The plaza are managed by Thomas Properties Group (TPG), which also manages LA's Universal City, home of and General Electric's NBC Universal Studios. Filmed at Universal City is a television show called "Heroes." (Did I mention how good that show is?) Does this make "Double Ascension"'s recent media exposure coincidence or conspiracy? You be the judge. Meanwhile, I'll keep my eyes out for an appearance of the statue on "Eureka" just in case it shows up there.
Thursday 14 December 2006
Today's blog entry was going to be about how much I hate those stupid inflatable yard holiday decorations, but then I realized that everything in the blog has been negative this month. So instead, let me mention something that I actually like: Heroes on NBC.
Heroes is up against Monday Night Football and is marketed to that group of television viewers that is disinterested in sports (you know, geeks and women). As much as I love comic books, I'm not going to bypass weekly football for a television show about, well, anything. I wouldn't have ever discovered this gem except for NBC's brilliant decision to also air it on their sister station SciFi Network on Fridays before Doctor Who, which I also love. And starting last week, NBC.com now streams old episodes so that I can catch up on the elements that I missed. (Heroes is as much an episodic serial as any other soap opera, so, believe me, there was a lot to catch up on.)
I've said it before, and I'll say it again: America loves super heroes. (I think it's part of the American Dream.) Despite the entertainment ghetto to which comic books have been traditionally relegated, they continue to inspire more popular entertainments such as movies and television shows. If this show was a comic, it would never reach the mass audience it deserves. And it's a blast to find a well-written television show that contains as much wonder, suspense, and excitement as an issue of Grant Morrison's JLA. If Superman Returns had been written half as well as this, it could have been among the greatest movies ever.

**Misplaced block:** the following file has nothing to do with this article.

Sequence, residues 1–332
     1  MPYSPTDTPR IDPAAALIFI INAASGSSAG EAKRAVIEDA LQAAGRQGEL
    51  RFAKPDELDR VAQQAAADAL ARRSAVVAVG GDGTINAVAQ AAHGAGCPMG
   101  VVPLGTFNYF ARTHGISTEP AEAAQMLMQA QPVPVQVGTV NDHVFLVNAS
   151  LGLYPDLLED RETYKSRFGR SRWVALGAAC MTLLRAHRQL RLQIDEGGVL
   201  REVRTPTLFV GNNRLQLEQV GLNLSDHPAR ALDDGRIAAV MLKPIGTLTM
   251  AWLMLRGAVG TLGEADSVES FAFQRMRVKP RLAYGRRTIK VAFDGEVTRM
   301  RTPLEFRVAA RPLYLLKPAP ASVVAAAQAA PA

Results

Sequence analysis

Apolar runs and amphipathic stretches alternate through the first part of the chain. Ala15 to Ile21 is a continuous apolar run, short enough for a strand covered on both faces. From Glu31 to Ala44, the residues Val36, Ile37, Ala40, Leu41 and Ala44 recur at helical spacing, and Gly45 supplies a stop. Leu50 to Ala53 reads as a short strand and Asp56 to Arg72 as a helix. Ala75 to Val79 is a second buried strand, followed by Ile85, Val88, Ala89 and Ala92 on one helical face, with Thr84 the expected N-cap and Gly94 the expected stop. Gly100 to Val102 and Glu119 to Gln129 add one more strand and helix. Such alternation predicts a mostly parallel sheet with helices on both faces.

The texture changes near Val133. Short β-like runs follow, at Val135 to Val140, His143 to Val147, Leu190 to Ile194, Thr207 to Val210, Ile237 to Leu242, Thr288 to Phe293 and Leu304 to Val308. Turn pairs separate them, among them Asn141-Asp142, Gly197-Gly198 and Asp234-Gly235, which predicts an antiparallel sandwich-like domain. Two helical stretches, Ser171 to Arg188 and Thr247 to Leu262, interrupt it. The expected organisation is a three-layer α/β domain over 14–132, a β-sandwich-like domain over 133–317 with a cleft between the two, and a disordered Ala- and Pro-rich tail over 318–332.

Yet despite being a television show designed for a mass audience, the show is very loyal to its comic book roots. (In one episode, a major character is revealed to be a member of the "Merry Marvel Marching Society." Sweet!) Heroes is an enjoyable mixture of X-Men meets X-Files with a hint of Smallville. Though this makes it a little predictable for longtime comic readers, it more than makes up for that with an enthusiastic and encouraging embrace of the super hero genre. In any given episode, you'll find such echos of such characters as DC's Phosphorus Man, Thorn, and Waverider, or Marvel's Cannonball, Rogue, and Shadowcat. Excelsior!
So there you go. Something I like. This blog will now resume its regularly scheduled bitching.